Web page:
Politics & Policy

Justice in Baltimore

State’s attorney Marilyn Mosby outside a Baltimore courthouse, June 9, 2016. (Bryan Woolston/Reuters)

Maryland prosecutors have dropped all remaining charges against three Baltimore police officers relating to the death of Freddie Gray, a 25-year-old African American who died last summer after suffering a severe spinal injury in a police van following his arrest. State’s attorney Marilyn Mosby — who began her prosecution by declaring that she would give voice to rioters’ ultimatum of “no justice, no peace” — has now failed to win a conviction against any of the six policemen charged. Three officers had already been acquitted at trial, and a fourth, William Porter, was due to be retried after his initial trial ended with a hung jury.

Officers acted reasonably in arresting Gray, and the medical examiner concluded that Gray would not have been injured if he had remained where he was placed — prone on the floor. Gray’s death was a tragic accident, not a prosecutable homicide.

Nonetheless, Black Lives Matter wanted to make the case a passion play about social justice, and Mosby — a prosecutor as demagogue — placed fealty to BLM’s stilted narrative above her duty. Her ethical and legal lapses are many: She conducted a hurried “independent investigation,” disregarding police findings; she delayed disclosure of key exculpatory evidence to the defense; she promoted a fantasy claim that Gray’s arrest was unlawful; she attempted to incite and prejudice the jury pool in order to gain convictions; she repeatedly used inflammatory rhetoric in public statements.

The claim of unlawful arrest, in particular, was irresponsible. By attempting to criminalize what from the defense’s point of view was, at most, a mistaken arrest, Mosby may have made police less likely to pursue legitimate arrests at the margins and thus contributed to the city’s rising tide of violence. If police fear that even a good-faith mistake in arresting a suspect could result in criminal charges, they will pull back.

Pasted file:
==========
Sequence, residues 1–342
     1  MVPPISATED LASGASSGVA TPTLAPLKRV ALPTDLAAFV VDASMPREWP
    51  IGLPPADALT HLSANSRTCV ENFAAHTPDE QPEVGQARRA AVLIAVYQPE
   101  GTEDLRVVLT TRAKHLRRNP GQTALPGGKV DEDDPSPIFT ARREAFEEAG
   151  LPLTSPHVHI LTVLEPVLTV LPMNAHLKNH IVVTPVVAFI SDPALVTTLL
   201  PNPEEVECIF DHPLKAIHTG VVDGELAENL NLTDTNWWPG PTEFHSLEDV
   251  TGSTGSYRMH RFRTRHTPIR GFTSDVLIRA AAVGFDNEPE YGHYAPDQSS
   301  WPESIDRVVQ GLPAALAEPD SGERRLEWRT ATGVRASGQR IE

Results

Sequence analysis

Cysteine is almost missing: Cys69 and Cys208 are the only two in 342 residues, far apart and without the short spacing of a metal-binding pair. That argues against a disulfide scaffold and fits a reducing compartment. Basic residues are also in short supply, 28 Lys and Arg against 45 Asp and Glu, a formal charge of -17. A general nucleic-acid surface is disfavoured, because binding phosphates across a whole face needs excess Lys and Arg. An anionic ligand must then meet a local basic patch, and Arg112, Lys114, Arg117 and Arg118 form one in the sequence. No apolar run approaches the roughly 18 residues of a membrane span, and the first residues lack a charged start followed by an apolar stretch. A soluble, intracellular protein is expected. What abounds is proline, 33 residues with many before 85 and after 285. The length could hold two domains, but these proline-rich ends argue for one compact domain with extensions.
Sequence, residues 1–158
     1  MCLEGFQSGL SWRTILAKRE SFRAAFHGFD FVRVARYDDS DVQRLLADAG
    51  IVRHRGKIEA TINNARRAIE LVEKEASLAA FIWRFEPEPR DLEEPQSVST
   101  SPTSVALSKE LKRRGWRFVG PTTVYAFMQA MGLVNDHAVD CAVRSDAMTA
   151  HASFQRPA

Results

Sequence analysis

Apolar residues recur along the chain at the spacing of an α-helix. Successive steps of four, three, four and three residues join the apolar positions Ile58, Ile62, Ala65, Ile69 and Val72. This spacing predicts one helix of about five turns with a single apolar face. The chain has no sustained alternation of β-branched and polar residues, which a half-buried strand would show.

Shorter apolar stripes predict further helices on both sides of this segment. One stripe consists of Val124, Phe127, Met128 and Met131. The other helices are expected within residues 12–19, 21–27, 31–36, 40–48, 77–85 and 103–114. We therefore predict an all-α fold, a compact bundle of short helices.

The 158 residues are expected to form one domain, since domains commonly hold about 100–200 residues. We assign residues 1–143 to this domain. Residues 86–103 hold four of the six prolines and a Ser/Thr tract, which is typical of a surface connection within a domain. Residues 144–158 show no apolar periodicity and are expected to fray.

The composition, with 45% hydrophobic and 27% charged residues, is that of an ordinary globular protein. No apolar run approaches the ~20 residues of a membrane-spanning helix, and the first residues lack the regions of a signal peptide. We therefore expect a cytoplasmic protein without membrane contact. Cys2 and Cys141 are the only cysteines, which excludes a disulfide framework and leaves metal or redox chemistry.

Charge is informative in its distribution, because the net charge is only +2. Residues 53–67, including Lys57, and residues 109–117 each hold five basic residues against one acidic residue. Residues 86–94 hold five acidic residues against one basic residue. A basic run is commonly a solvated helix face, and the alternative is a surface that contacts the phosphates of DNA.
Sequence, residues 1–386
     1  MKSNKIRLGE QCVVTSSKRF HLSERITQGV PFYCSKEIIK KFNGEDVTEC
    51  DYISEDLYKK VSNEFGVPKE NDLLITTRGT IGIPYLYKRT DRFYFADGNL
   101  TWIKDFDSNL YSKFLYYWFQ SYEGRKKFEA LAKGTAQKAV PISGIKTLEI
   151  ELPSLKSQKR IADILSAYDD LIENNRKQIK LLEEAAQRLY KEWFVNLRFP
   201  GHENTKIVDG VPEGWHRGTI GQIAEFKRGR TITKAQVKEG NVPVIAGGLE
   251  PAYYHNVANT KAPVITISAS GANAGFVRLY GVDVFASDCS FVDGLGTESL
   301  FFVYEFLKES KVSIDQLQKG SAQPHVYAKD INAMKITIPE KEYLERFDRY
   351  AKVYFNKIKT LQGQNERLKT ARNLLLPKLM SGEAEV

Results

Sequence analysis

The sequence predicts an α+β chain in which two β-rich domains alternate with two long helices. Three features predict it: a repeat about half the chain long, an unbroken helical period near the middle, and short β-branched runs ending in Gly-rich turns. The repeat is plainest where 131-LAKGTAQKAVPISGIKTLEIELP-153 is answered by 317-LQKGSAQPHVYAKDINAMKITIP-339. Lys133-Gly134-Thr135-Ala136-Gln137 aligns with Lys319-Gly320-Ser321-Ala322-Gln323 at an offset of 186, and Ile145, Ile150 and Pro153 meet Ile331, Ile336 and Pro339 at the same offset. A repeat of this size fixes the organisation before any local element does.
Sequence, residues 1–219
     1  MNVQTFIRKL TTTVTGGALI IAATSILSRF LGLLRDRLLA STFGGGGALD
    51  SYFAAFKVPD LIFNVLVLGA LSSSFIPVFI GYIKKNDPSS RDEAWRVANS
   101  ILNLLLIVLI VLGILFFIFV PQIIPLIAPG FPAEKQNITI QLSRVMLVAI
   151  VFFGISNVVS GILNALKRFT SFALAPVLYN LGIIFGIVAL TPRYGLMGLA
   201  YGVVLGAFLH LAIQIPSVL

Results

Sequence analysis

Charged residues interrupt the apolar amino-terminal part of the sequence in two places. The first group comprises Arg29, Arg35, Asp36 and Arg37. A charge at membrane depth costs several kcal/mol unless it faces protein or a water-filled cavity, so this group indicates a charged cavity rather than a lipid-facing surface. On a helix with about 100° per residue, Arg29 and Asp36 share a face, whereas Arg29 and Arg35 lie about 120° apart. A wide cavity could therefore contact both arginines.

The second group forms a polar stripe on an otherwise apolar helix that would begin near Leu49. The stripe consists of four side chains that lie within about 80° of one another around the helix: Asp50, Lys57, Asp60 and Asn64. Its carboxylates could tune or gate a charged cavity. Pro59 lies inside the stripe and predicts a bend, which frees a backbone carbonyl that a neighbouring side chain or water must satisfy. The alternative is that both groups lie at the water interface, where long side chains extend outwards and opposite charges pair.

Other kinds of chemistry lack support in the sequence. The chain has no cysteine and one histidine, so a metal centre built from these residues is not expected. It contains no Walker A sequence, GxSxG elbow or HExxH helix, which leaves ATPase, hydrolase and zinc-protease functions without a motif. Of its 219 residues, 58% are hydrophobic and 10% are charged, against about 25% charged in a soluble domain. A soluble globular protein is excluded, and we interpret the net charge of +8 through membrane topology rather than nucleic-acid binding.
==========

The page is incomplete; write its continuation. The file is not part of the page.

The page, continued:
It is true that internal police-department guidelines for restraining suspects may have been violated in the Gray case, but there is reason to believe that the officers involved were unaware of those guidelines. Moreover, the judge was impressed by the argument that the commotion around the police van during Gray’s detention necessitated speed in placing him in the van. Regardless, prosecutors shouldn’t premise a criminal conviction on the failure to follow an internal guideline — that’s the stuff of administrative discipline. While there might be need of reform at the Baltimore Police Department, these charges should never have been filed. That they were suggests that Mosby was playing to the mob rather than following the facts.

There was overwhelming evidence that none of the six officers intended to commit homicide and that none were criminally negligent. Meanwhile, the city settled a $6.4 million civil claim with the Gray family. The rioters said they wanted justice and now it has been done — no thanks to Marilyn Mosby.

The Editors — The Editors comprise the senior editorial staff of the National Review magazine and website.

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